The walking in Turkey is exceptional; epic landscapes, often with fine beaches, romantically sited ruins and remarkably welcoming locals, make for magnificent hikes between April-June and September-November, especially where waymarked trails complete with dedicated guidebooks have been established or where reliable GPS codes for routes can be downloaded.
Many of these paths were on the point of being lost to the undergrowth when redoubtable walkers like Kate Clow, creator of the famous Lycian Way (Lykia Yolu) long-distance footpath, hacked them back into being with the help of heroic volunteer groups. The way-marked Lycian Way runs 500 kilometres from Fethiye to Antalya, switchbacking between sea and mountains.
The recently completed Carian Trail (Karia Yolu) similarly covers the region between Marmaris and Milas, including the Bodrum and Datça Peninsulas. I have recently walked some of this route’s hilly northern stretches between Milas and its conclusion at Karpuzlu (Alında) in the excellent company of the trail’s creators, Yunus Özdemir, Altay Özcan and Dean Livesley, staying in village houses along the way. The section through the Beşparmak Mountains by Bafa Lake is especially idyllic, with Kapıkırı, the village at the foot of the mountain, also an excellent base for inspirational day walks.
Extremely hardy and experienced hikers might attempt these long-distance routes in their entirety, though the irregular availability of overnight facilities and fresh water supplies, not to mention the closely packed contours, certainly constitutes a challenge; it generally makes more sense to select day walks along the trails, as many visitors do, often taking in the ‘spur’ routes which have sprouted organically along many sections.
Self-guided walking is a developing sector. Good packages are available which include airport transfers, accommodation with evening meals and daily luggage transfers. Guests are also provided with detailed walk directions, a Garmin GPS loaded with the relevant coordinates and a local mobile phone.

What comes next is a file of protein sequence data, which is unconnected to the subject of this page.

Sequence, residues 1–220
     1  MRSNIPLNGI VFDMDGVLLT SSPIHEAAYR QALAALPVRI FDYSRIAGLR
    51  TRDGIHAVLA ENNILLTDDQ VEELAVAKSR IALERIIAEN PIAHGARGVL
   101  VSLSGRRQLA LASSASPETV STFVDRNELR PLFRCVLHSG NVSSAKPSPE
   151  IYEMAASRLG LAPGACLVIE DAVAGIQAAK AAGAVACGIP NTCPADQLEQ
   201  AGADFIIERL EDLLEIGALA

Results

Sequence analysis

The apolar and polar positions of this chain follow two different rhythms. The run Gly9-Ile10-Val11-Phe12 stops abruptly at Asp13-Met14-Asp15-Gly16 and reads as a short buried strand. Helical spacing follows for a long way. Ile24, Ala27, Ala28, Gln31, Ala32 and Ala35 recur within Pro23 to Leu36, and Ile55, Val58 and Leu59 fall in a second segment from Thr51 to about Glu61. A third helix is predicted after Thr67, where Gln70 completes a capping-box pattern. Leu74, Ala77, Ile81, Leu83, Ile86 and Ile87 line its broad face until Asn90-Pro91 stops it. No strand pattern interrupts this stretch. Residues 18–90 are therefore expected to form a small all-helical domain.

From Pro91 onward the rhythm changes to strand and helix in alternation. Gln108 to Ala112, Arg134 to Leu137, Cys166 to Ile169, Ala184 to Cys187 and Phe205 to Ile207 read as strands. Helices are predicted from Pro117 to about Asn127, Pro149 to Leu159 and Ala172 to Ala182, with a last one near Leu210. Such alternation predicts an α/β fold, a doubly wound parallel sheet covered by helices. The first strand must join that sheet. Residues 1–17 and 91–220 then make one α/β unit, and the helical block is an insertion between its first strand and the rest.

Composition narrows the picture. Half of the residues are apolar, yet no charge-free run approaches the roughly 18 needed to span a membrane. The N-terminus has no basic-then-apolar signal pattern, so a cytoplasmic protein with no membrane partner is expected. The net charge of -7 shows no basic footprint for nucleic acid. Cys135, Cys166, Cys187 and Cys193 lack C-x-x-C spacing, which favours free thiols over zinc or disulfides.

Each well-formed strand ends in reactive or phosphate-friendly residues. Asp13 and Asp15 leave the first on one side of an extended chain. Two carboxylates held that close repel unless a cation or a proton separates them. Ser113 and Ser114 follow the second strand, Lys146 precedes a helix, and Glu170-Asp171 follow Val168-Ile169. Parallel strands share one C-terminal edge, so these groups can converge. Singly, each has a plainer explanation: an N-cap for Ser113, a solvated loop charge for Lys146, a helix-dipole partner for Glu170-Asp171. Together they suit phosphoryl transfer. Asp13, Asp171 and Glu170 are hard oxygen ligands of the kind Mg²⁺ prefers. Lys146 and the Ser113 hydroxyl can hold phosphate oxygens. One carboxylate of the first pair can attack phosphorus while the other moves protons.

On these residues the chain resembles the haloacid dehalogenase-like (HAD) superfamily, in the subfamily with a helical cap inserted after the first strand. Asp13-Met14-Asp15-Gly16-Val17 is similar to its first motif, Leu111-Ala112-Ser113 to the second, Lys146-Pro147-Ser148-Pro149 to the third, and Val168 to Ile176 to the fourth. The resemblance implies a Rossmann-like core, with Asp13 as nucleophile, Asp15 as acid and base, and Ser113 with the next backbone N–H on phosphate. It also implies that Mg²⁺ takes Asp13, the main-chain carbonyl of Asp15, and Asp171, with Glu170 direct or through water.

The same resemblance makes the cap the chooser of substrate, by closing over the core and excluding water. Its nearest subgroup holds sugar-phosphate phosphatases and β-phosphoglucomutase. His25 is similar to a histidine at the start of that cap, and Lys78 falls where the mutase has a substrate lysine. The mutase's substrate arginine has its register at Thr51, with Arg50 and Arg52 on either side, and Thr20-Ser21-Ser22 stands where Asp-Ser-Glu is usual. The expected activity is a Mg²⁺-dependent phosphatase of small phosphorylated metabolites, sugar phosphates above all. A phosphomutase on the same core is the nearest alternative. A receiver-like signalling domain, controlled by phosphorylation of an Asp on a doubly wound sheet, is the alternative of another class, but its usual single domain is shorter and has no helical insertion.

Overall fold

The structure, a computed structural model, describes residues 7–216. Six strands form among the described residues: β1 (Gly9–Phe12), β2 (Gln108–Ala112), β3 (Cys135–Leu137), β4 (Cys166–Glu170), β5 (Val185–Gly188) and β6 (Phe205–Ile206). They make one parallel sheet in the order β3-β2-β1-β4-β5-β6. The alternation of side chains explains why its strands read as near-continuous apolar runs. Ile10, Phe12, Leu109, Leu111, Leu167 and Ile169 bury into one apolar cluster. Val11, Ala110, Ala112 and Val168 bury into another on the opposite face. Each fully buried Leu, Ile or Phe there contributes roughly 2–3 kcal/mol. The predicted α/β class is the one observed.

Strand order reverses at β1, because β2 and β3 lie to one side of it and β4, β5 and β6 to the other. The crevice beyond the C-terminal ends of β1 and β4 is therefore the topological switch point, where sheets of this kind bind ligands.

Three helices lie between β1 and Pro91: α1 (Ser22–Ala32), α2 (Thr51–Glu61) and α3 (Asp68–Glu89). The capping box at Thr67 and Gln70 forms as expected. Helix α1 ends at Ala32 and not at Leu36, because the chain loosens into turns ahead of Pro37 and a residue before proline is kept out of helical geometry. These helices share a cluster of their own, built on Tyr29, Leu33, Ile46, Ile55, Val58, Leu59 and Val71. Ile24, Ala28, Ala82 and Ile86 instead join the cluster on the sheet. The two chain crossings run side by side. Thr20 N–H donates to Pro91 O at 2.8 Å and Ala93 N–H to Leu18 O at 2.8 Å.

No such long-distance trails run through Cappadocia, but this topographical wonderland in Turkey’s geographical heart excels as a centre for day walks. The volcanic landscape is corrugated with numerous valleys, or gorges, with flat and wide beds which are dry outside the winter months. These perfect pathways lead between the walls of high-sided gorges, sometimes via surreal natural tunnels or arches, or are flanked by the vineyards, the legendary apple orchards or vegetable plots which flourish in the famously fertile silt. They are adorned, furthermore, with rock-hewn churches, monasteries and pigeon cotes marvellously evocative of the region’s troglodytic traditions. Cappadocia-based operator Middle Earth offers guided walking itineraries, though entirely independent walking is perfectly manageable in the region, as these guide notes to Balkan-Pancarlık and Pigeon Valley show.
The altitude of the high Kaçkar Mountains means this region in northeast Turkey is busiest in high summer. This is a cluster of peaks strewn with glaciers, lakes and high meadows, a land of bagpipes, fondues and distinctive headdresses which anticipates the intact and spirited highland cultures and traditions of the neighbouring Caucasus Range. Experienced hikers, using Kate Clow’s excellent guidebook to the Kaçkars or the downloadable GPS codes, can arrange their own itineraries while walking operators run a range of guided programmes.
The northernmost stretch of the international Abraham’s Path runs through southeast Turkey, linking compelling sites like Gobekli Tepe and Sogmatar, though this is definitely not one for high summer. Long treks across the exposed Kurdish plain, with stays in village homes at night, are arranged for the spring and autumn. This is one for the future, however, given the current security climate.